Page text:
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    The Difficult, Delicate Untangling of Our Parents’ Financial Lives

    When my in-laws became too incapacitated to handle their own affairs, my wife and I took over. A year and a half later, we’re still trying to figure it all out.

    “No, no, no, don’t transfer me to her again,” pleads my wife.

    It is a typically frustrating moment in our family crisis, one that many grown children will have to face, ready or not: We are people in our 50s who are unraveling the finances of parents who can no longer do it themselves.

    My wife, Julie, is on the phone with the company where her 82-year-old dad had once worked, trying to change the direct deposit of his pension checks to a bank closer to the assisted-living home where he and his wife now live, which is near us in Pennsylvania. Again and again, she is transferred to the person in charge, “Rose.” And every time, the same recording: “This number has been disconnected.”

    In the room next to her, I see our once-usable sofa, covered with her parents’ financial papers from the 1960s to now. On the floor sit a metal tub and plastic cups of coins that we had hauled from the parents’ third-floor walk-up in Queens, New York—a small (but heavy) part of their lifetime of earning and saving, nearly all of it offline.

2015 Audited Financial Statements of United States (Just released)

[From the Independent Auditor’s Report on page 239 of the Financial Report of the United States Government for Fiscal Year 2015]

February 27, 2016

[To] The President,  The President of the Senate, The Speaker of the House of Representatives:

In our audits of the U.S. government’s consolidated financial statements as of and for the fiscal years ended September 30, 2015, and 2014, we found the following:

  • Certain material weaknesses1 in internal control over financial reporting and other limitations on the scope of our work resulted in conditions that continued to prevent us from expressing an opinion on the accompanying accrual-based consolidated financial statements as of and for the fiscal years ended September 30, 2015, and 2014.2
  • Significant uncertainties (discussed in Note 23 to the consolidated financial statements), primarily related to the achievement of projected reductions in Medicare cost growth, and a material weakness in internal control over financial reporting, prevented us from expressing an opinion on the sustainability financial statements,3 which consist of the 2015 Statement of Long-Term Fiscal Projections; the 2015, 2014, 2013, 2012, and 2011 Statements of Social Insurance; and the 2015 and 2014 Statements of Changes in Social Insurance Amounts.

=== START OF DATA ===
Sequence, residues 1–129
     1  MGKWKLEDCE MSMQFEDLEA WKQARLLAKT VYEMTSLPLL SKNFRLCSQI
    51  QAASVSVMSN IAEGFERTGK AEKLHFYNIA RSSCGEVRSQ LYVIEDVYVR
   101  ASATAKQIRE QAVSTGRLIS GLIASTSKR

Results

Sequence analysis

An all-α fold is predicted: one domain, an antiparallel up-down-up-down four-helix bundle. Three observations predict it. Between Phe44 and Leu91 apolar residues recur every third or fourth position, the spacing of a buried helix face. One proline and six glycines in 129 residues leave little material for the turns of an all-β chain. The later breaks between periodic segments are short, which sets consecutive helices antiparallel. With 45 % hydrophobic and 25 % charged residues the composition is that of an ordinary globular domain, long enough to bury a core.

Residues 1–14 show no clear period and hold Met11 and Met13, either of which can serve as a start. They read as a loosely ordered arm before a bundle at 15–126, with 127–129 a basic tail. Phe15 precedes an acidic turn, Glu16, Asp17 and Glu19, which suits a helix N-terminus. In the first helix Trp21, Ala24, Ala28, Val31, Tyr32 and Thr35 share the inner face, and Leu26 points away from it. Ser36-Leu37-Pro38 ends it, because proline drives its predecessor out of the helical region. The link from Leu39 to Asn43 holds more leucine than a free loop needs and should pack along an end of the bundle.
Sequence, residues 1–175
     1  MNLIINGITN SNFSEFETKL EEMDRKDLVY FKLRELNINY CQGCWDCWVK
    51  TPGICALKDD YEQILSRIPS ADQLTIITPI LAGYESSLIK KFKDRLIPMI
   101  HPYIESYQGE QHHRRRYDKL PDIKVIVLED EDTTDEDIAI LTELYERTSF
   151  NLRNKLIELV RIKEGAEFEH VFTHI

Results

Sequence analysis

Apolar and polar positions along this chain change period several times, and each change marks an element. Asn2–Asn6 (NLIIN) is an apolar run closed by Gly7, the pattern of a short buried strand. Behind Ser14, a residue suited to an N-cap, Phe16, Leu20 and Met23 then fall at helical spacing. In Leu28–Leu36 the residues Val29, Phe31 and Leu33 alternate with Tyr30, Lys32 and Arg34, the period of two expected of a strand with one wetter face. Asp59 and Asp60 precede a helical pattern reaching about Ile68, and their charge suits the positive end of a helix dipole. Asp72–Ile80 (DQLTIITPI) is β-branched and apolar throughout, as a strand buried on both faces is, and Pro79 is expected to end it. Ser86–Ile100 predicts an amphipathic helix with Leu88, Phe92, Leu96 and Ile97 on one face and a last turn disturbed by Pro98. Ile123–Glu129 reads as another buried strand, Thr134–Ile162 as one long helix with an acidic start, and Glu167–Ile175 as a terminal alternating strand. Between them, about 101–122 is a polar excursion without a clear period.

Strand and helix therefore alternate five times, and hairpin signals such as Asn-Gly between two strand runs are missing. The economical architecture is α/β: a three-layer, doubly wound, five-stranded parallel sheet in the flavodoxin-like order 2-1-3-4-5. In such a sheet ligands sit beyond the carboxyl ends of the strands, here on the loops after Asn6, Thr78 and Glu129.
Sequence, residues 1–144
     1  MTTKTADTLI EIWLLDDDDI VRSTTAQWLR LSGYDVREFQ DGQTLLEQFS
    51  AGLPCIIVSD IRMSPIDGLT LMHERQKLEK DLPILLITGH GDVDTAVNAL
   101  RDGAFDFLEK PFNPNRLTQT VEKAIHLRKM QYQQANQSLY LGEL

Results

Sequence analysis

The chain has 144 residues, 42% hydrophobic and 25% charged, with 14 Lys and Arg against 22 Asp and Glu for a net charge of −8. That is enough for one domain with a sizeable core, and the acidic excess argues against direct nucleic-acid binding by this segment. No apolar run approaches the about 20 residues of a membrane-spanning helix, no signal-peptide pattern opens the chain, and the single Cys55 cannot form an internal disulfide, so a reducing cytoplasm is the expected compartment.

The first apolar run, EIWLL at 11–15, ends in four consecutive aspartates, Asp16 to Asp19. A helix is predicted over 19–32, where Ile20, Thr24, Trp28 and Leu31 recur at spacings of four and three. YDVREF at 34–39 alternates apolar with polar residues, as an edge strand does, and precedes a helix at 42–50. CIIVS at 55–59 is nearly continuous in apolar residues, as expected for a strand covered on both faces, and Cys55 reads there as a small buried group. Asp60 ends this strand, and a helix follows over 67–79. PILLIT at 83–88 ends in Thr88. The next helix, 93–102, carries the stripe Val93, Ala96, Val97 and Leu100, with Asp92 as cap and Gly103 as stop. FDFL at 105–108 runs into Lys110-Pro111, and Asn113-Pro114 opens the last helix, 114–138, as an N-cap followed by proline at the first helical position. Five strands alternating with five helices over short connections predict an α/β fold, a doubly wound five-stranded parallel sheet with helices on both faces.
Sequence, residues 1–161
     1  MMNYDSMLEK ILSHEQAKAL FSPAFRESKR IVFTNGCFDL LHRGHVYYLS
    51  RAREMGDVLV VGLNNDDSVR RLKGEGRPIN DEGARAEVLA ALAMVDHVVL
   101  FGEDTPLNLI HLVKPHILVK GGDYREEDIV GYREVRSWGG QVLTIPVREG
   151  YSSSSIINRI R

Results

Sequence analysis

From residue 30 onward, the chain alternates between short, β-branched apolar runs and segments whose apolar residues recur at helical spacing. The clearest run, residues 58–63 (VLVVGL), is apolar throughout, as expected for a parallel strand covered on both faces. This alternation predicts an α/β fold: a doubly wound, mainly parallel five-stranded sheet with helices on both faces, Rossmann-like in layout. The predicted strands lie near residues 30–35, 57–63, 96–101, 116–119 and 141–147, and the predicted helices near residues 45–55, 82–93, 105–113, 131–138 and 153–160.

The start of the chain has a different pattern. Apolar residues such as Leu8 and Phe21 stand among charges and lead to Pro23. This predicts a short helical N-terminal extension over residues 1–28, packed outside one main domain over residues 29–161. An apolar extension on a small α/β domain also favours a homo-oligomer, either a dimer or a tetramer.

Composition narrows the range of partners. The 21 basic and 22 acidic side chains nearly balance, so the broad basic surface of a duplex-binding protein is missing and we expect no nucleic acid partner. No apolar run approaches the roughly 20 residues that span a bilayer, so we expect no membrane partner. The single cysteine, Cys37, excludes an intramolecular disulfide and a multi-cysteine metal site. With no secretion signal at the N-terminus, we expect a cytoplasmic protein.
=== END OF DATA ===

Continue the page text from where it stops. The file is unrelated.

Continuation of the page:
Negative Interest Rate: Why People Are Paying to Save

When you lend somebody money, they usually have to pay you for the privilege. That has been a bedrock assumption across centuries of financial history. But it is an assumption that is increasingly being tossed aside by some of the world’s central banks and bond markets. A decade ago, negative interest rates were a theoretical curiosity that economists would discuss almost as a parlor game. Two years ago, it began showing up as an unconventional step that a few small countries considered. Now, it is the stated policy of some of the most powerful global central banks, including the European Central Bank and the Bank of Japan.

On Thursday, Sweden’s central bank lowered its bank lending rate to a negative 0.5 percent from a negative 0.35 percent, and said it could cut further still; European bank stocks were hammered partly because investors feared what negative rates could do to bank profits. The Federal Reserve chairwoman, Janet Yellen, acknowledged in congressional testimony Wednesday and Thursday that the American central bank was taking a look at the strategy, though she emphasized no such move was envisioned.

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